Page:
NASCAR & Auto Racing

The men in charge quickly learn NASCAR is all-encompassing

HOMESTEAD, Fla. – The exchange happens often, but it still “tears apart” Jeff Gordon’s crew chief, Steve Letarte.

“My little boy,” Letarte said, “he’ll ask, ‘Daddy are you going to the shop or to the track?’ and I said, ‘Why do you ask that?' And he said, ‘When you go to the shop you come home every night.' " With the NASCAR season ending, those conversations should occur with less frequency. Through the course of the 38-week, 36-race NASCAR Cup schedule, life is a constant balancing act for the crew chiefs. They are away from home about four days a week, and at the race shop they routinely put in long hours, often 10 to 12 hours a day.

“We’re spoiled brats,” Team Red Bull driver A.J. Allmendinger said. “These are the real working guys, they sacrifice more.”

Making it work

Letarte, 28, is in his 12th year at Hendrick after working his way up from sweeping the floors. He said by the time he is 40 he no longer will be a crew chief, or have a job in the garage that requires him to travel extensively. For now, he tries to make things work by sticking to a routine. He usually picks two nights a week to escape from work and one is family night, the other is date night with his wife.

Letarte is married and has a 3-year-old son, Tyler, and 1-year-old daughter, Ashley. At the Hendrick Motorsport shop shared with reigning champion Jimmie Johnson’s crew chief, Chad Knaus, Letarte helps oversee more than 80 employees and is responsible for making sure Gordon’s race cars are prepared for race weekend in addition to administrative work such as approving time cards. At the track, he directs and guides the crew team, must keep Gordon pleased with his cars and calls the shots from the pit box on pit road.

“You have to set boundaries and stay within them because if you work night and day you might be successful in the garage but over time you’re going to burn out,” Letarte said

Some crew chiefs said they do not want their lifestyles to put an irrevocable strain on their family.

Crew chief Michael “Fatback” McSwain announced earlier this season that this would be his last as a Cup crew chief. It was a bold move because in a cutthroat industry where top jobs are difficult to attain, he decided he had enough. He stepped down as crew chief of the No. 21 Ford at Wood Brothers last month and is working in the team shop pondering his next move. McSwain and wife Deanna have a 5-month-old son, Wyatt, and 2-year-old daughter, Makayla.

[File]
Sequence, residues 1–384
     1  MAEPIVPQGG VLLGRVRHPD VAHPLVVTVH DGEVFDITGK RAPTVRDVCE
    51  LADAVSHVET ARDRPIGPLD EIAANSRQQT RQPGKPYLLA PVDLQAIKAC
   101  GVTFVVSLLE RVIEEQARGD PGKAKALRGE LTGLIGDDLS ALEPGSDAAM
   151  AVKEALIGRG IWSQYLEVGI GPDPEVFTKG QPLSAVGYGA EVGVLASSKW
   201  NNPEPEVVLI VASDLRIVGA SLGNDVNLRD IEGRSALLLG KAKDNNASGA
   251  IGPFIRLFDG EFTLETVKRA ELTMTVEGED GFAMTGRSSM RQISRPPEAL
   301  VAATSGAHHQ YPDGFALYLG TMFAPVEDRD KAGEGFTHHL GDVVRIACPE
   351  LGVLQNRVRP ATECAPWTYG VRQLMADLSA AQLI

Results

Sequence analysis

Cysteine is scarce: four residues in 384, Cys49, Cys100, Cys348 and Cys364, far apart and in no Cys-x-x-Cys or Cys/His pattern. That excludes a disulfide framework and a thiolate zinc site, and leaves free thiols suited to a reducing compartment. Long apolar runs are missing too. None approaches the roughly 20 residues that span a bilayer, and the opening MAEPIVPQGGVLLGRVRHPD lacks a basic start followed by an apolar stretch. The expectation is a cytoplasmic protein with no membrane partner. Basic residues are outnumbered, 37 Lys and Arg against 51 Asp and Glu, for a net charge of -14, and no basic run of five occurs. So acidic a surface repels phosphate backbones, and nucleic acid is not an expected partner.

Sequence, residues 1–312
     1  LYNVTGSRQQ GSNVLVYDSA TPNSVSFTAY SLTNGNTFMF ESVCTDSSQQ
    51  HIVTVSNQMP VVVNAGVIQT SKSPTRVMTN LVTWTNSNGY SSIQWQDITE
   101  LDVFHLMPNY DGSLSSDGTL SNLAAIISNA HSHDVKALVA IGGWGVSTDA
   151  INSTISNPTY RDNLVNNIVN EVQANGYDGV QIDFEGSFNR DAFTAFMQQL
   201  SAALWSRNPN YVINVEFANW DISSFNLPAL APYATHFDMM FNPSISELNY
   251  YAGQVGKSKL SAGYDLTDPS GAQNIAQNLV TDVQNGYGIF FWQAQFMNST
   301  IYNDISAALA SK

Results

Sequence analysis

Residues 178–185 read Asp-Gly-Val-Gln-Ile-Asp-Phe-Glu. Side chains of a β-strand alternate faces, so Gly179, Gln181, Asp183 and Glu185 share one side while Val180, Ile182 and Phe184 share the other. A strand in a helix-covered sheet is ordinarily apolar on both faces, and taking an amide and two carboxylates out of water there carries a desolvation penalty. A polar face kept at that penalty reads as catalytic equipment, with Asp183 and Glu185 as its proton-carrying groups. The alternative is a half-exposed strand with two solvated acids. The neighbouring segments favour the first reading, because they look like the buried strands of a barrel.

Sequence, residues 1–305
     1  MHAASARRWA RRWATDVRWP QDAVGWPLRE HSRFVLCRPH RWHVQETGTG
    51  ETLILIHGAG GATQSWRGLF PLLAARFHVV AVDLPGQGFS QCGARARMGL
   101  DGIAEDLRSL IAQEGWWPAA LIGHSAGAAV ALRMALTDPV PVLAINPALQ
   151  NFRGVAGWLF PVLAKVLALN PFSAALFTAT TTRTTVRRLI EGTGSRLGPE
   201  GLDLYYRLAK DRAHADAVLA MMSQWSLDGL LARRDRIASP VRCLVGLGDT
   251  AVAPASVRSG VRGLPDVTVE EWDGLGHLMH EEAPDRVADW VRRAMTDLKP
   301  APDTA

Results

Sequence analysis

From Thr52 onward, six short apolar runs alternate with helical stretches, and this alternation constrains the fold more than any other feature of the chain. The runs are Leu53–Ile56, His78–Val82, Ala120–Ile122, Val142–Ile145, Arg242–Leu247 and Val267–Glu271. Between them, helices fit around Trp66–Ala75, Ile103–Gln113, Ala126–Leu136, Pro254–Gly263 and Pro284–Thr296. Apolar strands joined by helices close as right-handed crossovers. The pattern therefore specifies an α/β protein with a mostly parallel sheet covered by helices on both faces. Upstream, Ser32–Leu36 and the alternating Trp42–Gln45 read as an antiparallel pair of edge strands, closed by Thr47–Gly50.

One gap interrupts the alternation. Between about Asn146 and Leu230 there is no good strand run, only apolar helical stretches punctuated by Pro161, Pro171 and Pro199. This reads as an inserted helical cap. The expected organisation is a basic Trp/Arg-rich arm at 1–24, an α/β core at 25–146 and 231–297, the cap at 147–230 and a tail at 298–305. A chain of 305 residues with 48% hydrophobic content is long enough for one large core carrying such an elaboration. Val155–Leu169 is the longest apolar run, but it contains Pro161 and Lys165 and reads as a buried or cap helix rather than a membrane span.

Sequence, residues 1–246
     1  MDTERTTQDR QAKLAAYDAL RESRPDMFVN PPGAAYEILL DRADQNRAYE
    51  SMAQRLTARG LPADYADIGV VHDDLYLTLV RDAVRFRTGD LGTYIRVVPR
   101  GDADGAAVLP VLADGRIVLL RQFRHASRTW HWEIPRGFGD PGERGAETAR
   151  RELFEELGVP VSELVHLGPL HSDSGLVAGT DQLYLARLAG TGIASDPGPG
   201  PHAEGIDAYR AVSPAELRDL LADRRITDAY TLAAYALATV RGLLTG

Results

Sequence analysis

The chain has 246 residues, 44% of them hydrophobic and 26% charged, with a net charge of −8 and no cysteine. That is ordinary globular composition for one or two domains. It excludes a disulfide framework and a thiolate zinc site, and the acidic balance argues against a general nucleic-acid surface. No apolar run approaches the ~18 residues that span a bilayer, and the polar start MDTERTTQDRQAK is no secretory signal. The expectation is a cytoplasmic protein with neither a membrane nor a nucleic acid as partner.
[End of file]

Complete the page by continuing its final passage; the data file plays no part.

The nightmare

“My biggest nightmare has always been that I would come home from I don’t know ... Phoenix ... crawl into bed and my wife would tap me on the shoulder and say, ‘Hey we have got to get Makayla a car today because she turns 16 in two weeks.’ I think if you surveyed 100 people in here, 75 percent of them have had that discussion.”

“I don’t know what the percentage is, but most of the people in this garage have either had an issue with a wife or spouse or a child that would have never happened if they would have been home.”

Brian Whitesell is the team manager for Kyle Busch and Casey Mear’s Cup teams and part of his job is to try to monitor burnout. He said in the 15 years he has been in the sport the schedule has become longer, but team airplanes and technology such as laptops and cell phones make it easier for crew chiefs to maintain communication with their families. He said schedules in the shop are more forgiving.

“In the years I’ve been involved we went from a holiday being nothing, it was a day you went to work ... and vacation, maybe you got the vacation. We got to the point where we had someone come in to do haircuts at the shop.”

This season has been unforgiving to Allmendinger’s first-year Cup crew chief, Ricky Viers. He has lost about 18 pounds and his hair turned gray. Allmendinger’s team has had to qualify on speed all season because it is not in the top 35.

“I was prepared, but I had no idea it was going to be this difficult,” Viers said, adding that he gets by on lots of Tums and Advil.

Life on the road

On the road, some crew chiefs have their own motorcoaches, while others stay with the rest of the team at a hotel. Reed Sorenson’s crew chief, Jimmy Elledge, said this season put his priorities in perspective. In the span of 36 hours his wife, Kelley Earnhardt Elledge – the sister of Dale Earnhardt Jr. – had surgery to remove a benign tumor on her pancreas, and his grandmother succumbed to lung cancer. In between it all, he managed to be there for his wife’s procedure and preside over his team on race day.

“Should I be doing this still?” Elledge asks.

But through it all there is one thing that several crew chiefs said keeps them going.

“It’s a lot of politics, a lot of stuff I really don’t like, but there are three or four hours Sunday, there’s nothing better,” Letarte said. “That’s what we live for.”